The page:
David Dewhurst says the Republican who led him in the March 2014 primary for the party’s lieutenant governor nomination has a financially shaky background.
Dewhurst, lieutenant governor since 2003, faces challenger Dan Patrick, a Houston state senator, in a May 27, 2014, primary runoff.
In Dewhurst's video ad that came public April 16, 2014, the narrator said Patrick "got caught not paying his taxes" and "pocketed his employees’ payroll taxes." In the ad, those claims are prefaced by an excerpt from a lieutenant governor debate in which a reporter said Patrick had walked away from more than $800,000 in debts when he declared personal bankruptcy.
Patrick’s bankruptcy filing has been covered before. But did he get caught not paying taxes and also pocket employee payroll taxes?
Backup from news story, tax liens
According to the News' story, Patrick filed for bankruptcy in October 1986 under his birth name, Dannie Scott Goeb, and "walked away from about $800,000 in debts." The story said that years later, he legally changed his name to Dan Patrick.
The bankruptcy was connected to a failed business venture. According to a January 2007 Texas Monthly story, Patrick and others in the 1980s had "opened Dan and Nick’s Sportsmarket, one of the first sports bars in the U.S. Located in tony Rice Village, the combination bar and restaurant was all polished brass and fine woods, full of local jocks and celebrities, TVs tuned constantly to sporting events. (Too constantly: The NFL would sue Patrick and five other bar owners in 1987 for showing blacked-out games.) For a while the business thrived, largely on the strength of Patrick’s personality," the story said, "but he soon fell prey to the same financial lunacy that infected so many Houstonians in the early eighties. He bought another bar and restaurant, and then another, expanding, finally, to five. Then the oil bust hit, and in short order the man who had made $100,000 as a sportscaster closed four of his businesses, declared bankruptcy, and watched his annual income plummet to $10,000."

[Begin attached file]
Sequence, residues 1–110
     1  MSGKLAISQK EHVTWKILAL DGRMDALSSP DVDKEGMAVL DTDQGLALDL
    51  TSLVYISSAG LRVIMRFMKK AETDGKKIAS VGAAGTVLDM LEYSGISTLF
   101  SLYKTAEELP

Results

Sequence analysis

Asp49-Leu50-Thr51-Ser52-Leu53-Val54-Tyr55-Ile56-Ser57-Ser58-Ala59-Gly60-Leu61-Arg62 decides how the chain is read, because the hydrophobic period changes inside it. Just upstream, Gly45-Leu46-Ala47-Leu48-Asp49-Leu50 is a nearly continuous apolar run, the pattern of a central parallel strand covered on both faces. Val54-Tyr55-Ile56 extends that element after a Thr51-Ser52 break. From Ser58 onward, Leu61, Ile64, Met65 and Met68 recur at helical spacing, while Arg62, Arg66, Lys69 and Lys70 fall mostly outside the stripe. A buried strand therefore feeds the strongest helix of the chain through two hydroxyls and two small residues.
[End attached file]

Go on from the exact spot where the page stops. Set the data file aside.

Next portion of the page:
Payroll taxes unpaid
When Patrick filed for bankruptcy, the News’ story said, he listed more than $816,000 in debts and just over $104,000 in assets. "Among his debtors," the story said, "was the Internal Revenue Service, which Patrick owed $13,186 in federal income taxes withheld from his restaurant employees’ paychecks."
By email, Dewhurst campaign spokeswoman Eliza Vielma sent us information indicating that from April 1986 into November 1988, Patrick’s companies were hit with five federal tax liens totaling $18,272.26--with unpaid employee payroll taxes comprising the bulk of that total.
Vielma pointed out too that Patrick’s online response to the Dewhurst claim concedes he filed for personal bankruptcy and once owed payroll taxes. Patrick’s ad response states his bankruptcy filing doesn’t prove he collected and pocketed the taxes, adding: "This is not a defense; however, it is a technical distinction. According to Patrick, these taxes were ultimately paid and the debt to the federal government was settled."
Generally, employers collect half of each employee’s payroll taxes and pony up the other half, with the resulting money going to the federal government for Medicare and Social Security. The essence of Dewhurst’s charge appears to be that Patrick pocketed payroll taxes paid by workers in failing to forward it to the IRS.
The News’ story said Patrick "also owed smaller amounts in property taxes to two Houston-area school districts, who later sued his companies for nonpayment. And his businesses were slapped with more than two dozen tax liens by federal, state and local governments.